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John Crowe Ransom, 1888-1974
Poems about God
New York: Henry Holt and Company, 1919.

Summary

John Crowe Ransom (1888-1974) was born in Pulaski, Tennessee. After graduating from Vanderbilt University in 1909, Ransom studied classics as a Rhodes Scholar at Oxford University in England. He returned to Vanderbilt as an English professor in 1914 and joined the Fugitive Group. This group of sixteen writers convened to read and discuss poetry, and together published The Fugitive, a journal of poetry and criticism that advocated southern agrarianism and classical aesthetic ideals. At Vanderbilt, his students included Randall Jarrell, Allen Tate, Donald Davidson, Robert Penn Warren, and others who went on to become leaders in the Southern Literary Renaissance. In 1937, Kenyon College hired him to head The Kenyon Review, a literary and critical journal. From that time forward, he focused his literary efforts on writing criticism, rather than poetry. Ransom and his fellow Fugitives helped launch the New Criticism, a school of literary criticism that focuses on the text as self-sufficient. Wary of reader response and authorial intention as determinants of meaning, the New Critics asserted the text should be the primary focus of criticism and eschewed paraphrase. Ransom was one of the first literary critics to assert that the particular social and cultural context in which the author was writing does not decide textual meaning, and thus he ushered in a new way of reading, which remains influential today.

Ransom was the son of a Methodist minister, and his first collection of poetry, Poems About God (1919), reflects the importance of religion in his early life. In these poems, Ransom searches for God in the traditional places—in nature, cathedrals, and sick rooms—but he also questions the presence of God in barrooms and impromptu wrestling matches. Honest and ardent in tone, the poems are lyrics with traditional meters (primarily iambic) and regular rhyme. Though a markedly immature effort because of the poems' conventional diction, sentimental tone, and excessive emphasis on structure and narrative at the expense of figurative language, Poems About God forecasts what would later become Ransom's trademarks: a blending of classical and modern forms, an ironic voice, and a preoccupation with the domestic life, the evanescence of youth, and the duality of the human body and soul.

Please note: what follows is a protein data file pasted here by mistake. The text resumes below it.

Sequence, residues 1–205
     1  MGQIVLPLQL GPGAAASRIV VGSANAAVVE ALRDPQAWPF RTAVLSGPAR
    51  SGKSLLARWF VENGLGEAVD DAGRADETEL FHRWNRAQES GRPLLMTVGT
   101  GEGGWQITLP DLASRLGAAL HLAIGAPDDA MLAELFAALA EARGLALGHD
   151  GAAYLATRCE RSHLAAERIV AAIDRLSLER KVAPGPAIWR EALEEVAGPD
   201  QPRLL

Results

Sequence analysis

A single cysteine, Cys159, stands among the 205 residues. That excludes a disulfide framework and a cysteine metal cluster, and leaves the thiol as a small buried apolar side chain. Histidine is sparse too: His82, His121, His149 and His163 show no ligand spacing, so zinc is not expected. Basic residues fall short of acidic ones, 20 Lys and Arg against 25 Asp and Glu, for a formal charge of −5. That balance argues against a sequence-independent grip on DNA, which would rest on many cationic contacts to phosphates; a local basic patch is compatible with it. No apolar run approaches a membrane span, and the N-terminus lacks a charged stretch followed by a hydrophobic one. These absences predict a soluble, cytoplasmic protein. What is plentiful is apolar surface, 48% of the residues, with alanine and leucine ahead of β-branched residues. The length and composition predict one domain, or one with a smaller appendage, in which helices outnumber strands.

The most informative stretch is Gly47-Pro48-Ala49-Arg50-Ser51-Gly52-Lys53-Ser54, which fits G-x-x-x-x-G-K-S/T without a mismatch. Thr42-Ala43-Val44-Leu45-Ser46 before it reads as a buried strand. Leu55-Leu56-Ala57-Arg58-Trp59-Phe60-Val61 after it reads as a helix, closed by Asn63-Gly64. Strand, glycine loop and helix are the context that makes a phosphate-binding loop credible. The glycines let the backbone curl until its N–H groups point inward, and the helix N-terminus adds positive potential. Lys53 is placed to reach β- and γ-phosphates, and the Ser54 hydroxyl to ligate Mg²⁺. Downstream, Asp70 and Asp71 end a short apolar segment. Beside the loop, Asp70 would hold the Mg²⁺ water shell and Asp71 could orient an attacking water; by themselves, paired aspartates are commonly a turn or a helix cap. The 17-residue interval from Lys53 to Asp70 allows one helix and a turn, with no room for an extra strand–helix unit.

See also the entry for John Crowe Ransom from the Encyclopedia of Southern Culture available on this site.

Work Consulted: Wilson, Charles Reagan and William Ferris, eds., Encyclopedia of Southern Culture, Chapel Hill, NC: University of North Carolina Press, 1989; Quartermain, Peter, ed., Dictionary of Literary Biography: American Poets, 1880-1945, First Series, volume 45, Detroit: Gale Research Company, 1986.

Bond Thompson

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